Silence and Stillness
Silence begins with the first strike of the Han at the beginning of every sitting. In the zendo we do our best to maintain silence and stillness. Once settled on your cushion, sit still and do not move (wiggle, fidget, stretch, scratch etc.) until the end of the period. Our practice requires us to maintain stillness in the midst of discomfort, but if you are in intense pain, gassho, and adjust your position as unobtrusively as possible.
Entering and Leaving the Zendo
Leave the zendo during a sitting only in the case of an urgent need. When you return, sit on the bench and re-enter during kinhin.
In slow kinhin, we match our breath to our footsteps. As you inhale your heel rises and your foot moves forward. As you exhale that foot is planted on the ground and the other begins to rise. Follow the jikido’s example. Step at your own pace, taking small or large steps, whatever room allows. Do not be concerned with keeping up with the person in front of you in slow kinhin. Keep close to the person in front during fast kinhin.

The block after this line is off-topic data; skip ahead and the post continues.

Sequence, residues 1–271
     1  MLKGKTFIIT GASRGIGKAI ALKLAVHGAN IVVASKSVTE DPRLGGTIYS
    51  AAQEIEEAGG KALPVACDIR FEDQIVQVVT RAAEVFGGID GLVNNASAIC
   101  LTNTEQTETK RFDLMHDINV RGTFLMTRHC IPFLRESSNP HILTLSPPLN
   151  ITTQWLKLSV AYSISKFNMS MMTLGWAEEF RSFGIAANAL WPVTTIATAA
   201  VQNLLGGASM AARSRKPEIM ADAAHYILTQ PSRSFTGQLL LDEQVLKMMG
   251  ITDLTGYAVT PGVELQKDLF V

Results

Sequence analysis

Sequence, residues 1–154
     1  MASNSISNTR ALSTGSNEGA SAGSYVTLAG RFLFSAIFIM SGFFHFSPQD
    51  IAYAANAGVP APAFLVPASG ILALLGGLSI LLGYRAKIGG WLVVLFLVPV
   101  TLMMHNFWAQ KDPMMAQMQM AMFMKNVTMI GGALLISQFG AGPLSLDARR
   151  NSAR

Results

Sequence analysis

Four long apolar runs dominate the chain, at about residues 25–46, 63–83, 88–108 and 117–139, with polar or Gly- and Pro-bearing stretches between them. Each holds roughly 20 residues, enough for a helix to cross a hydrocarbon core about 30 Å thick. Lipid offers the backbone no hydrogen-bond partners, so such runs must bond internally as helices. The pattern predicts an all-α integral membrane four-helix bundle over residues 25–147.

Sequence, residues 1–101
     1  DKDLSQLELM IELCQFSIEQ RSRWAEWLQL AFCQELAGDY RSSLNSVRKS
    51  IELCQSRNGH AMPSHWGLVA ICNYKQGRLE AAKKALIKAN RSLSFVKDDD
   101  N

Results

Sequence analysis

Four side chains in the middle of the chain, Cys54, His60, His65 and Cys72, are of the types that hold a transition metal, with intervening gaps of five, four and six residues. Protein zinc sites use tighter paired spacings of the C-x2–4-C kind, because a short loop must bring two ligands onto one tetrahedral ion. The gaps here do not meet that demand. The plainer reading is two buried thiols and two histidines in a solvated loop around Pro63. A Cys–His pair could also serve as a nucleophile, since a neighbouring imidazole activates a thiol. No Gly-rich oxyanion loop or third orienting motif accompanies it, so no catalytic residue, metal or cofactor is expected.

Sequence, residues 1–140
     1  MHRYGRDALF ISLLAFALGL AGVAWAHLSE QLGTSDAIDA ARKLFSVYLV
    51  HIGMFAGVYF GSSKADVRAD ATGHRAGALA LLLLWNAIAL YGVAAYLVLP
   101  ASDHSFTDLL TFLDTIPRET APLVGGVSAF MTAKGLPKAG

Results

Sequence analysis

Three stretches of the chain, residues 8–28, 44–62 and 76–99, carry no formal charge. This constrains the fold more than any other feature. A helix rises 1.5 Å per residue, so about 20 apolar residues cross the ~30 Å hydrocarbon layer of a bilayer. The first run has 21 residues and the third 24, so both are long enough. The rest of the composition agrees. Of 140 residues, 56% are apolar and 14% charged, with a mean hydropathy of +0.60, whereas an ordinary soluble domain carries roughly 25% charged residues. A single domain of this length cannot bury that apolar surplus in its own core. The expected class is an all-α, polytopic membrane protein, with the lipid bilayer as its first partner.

In the zendo, hands are always in gassho or shashu, never by your side.
In gassho, fingertips are even with the tip of the nose.
Perform standing bows at a 45-degree angle, not a 90-degree angle.
Bow with hands in gassho whenever you enter the zendo.
Bow when distributing or receiving sutra books.
In full bow, palms are raised parallel to the floor, not flipped up.
Blend with the group in volume and follow the jikido’s pace.
Dress in Zendo
No shorts or obvious exercise wear, logos, graphics, sloppy pants.
Saturdays and Sesshin--no bright colors. Weekdays—flexibility in dress is allowed.
Switch phones off or on silent (not vibrating) mode.
Do not blow your nose during sitting. If it is urgent, you may leave the zendo and go downstairs. Otherwise wait until you rise for kinhin, and face the wall to blow your nose.
Do not unwrap or suck on cough drops during sitting. Sit on the bench or in the hall if you are concerned you are disturbing others.
Handle cushions gently and store them neatly.
Only the jikido may make adjustments to the physical environment (heat, fan, windows, etc.) during the sitting.